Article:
Financial Career Track #2: Investment Banking

Posted on by aleksandra

ibanking

This week’s focus is on a very prestigious financial career track: Investment Banking. It is otherwise known as Corporate Finance, Mergers & Acquisitions, Corporate Banking, Global Banking, and Merchant Banking.

 

 

 

This article will cover the following areas:

What is Investment Banking

What are the top Investment Banks

What roles are out there in Investment Banking

What skills are you expected to bring on board

What would a graduate analyst’s work look like

What salary can you expect to have

 

 

What is Investment Banking

Fundamentally, Investment Banking is about helping corporate clients build their businesses by providing them with financial and strategic advice as well as products. The corporate clients investment bankers work with are typically large blue chip companies. As an investment banker, you would be expected to raise money for your client by issuing shares and debts in the firm, advise your client in times of merger with another company, helping develop financial strategies for your client, as well as identifying new business deals.

 

 

Top Investment Banks

There are three top investment banks that are globally recognised: Goldman Sachs, JP Morgan, and Morgan Stanley. Getting into any of these three requires perseverance and hard work. As a student, you might think of getting ahead of your competition by participating in Spring Weeks organised by the banks or by interning during a Summer Analyst Scheme. For example, have a look at Goldman Sachs’ website on Division Spring Internships: http://www2.goldmansachs.com/careers/choose-your-path/our-programs/emea-programs/division-spring-internships.html and Morgan Stanley’s Summer Analyst Programme: http://www.morganstanley.com/about/careers/internships.html

 

Other investment banks are typically regionally oriented or situated in the middle market. You might come across boutique investment banks, which are oriented toward an industry vertical, bond-trading, M&A advisory, technical analysis, or program trading.

 

Other top investment banks include – Citigroup, Bank of America, Deutsche Bank, UBS, Credit Suisse, HSBC, Royal Bank of Scotland, Lazard, etc. 

 

 

Roles in Investment Banking

An investment banker will usually find himself/herself in one of the following two teams: client team or project team.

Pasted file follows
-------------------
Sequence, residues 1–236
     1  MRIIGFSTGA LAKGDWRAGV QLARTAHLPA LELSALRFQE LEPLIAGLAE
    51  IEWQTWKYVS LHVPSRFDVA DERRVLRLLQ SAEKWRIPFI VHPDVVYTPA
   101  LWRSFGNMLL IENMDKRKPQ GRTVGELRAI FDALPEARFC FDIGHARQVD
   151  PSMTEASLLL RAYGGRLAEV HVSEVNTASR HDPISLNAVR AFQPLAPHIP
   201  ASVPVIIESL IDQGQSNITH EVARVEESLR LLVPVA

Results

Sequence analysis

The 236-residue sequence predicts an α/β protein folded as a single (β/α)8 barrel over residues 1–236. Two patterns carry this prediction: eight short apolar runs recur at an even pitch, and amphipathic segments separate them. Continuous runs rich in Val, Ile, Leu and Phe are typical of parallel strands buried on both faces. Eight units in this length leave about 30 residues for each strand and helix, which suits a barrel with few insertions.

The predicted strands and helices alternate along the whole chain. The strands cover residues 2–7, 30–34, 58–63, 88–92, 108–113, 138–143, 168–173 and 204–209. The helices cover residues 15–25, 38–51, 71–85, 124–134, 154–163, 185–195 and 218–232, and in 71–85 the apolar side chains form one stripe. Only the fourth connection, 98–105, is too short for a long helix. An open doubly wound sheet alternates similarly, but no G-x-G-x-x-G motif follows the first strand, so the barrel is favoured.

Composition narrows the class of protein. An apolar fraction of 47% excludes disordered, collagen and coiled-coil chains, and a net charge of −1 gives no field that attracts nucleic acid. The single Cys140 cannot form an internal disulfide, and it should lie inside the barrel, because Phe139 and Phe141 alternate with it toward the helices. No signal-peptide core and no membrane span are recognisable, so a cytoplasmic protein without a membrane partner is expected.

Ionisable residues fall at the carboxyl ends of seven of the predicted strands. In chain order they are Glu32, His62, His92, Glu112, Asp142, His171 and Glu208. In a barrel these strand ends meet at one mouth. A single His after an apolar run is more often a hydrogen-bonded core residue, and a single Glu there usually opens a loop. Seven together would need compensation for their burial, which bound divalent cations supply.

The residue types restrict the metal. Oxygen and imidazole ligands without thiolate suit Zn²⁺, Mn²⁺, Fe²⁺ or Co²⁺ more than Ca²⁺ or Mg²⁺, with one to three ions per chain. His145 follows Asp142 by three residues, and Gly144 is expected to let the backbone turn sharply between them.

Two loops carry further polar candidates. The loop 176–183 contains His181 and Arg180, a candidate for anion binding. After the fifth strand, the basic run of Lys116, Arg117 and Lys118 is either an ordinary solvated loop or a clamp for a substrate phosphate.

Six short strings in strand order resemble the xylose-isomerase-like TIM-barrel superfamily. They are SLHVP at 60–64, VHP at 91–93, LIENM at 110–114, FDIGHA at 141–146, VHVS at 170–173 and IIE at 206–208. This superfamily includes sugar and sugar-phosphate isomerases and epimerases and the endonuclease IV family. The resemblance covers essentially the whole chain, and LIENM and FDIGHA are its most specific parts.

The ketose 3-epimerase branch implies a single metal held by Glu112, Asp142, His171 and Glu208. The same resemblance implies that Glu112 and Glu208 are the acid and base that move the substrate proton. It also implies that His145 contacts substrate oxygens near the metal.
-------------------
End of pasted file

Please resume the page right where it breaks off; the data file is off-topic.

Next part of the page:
In a client team, an investment banker is a specialist. He/she will be looking after specific clients in a designated region or industry. The main tasks in a client team are to identify a client’s needs and to then call on product specialists for advice on which products and services would satisfy the client’s requirements.

 

In a product team, an investment banker is more of a generalist. He/she has to have extensive knowledge of a particular product in order to be able to advise client teams on the range of services that the bank can provide clients with. There are several different product areas that investment bankers can specialise in:

 

Mergers & Acquisitions – when clients are seeking to buy another firm, they are provided with strategic and financial advice by the bank. The advice may relate to potential target companies, pricing and valuation, as well as how to integrate the firms post-acquisition. Banks which specialise in this area are Goldman Sachs, Deutsche Bank, and Morgan Stanley.

 

Structure Financing – investment bankers provide clients with an alternative to standard business loans. They borrow against a company’s cash-flow history. In order to successfully do your work in this area, you must have good spreadsheet, accounting, and legal skills.

 

Equity Capital Markets – in this case, investment bankers help clients structure, buy, sell, and issue shares. What they decide to do with the shares is highly dependent on the financial situation and future estimates of the client firm’s performance.

 

Debt Capital Markets – when clients have…

Comments

comments

Powered by Facebook Comments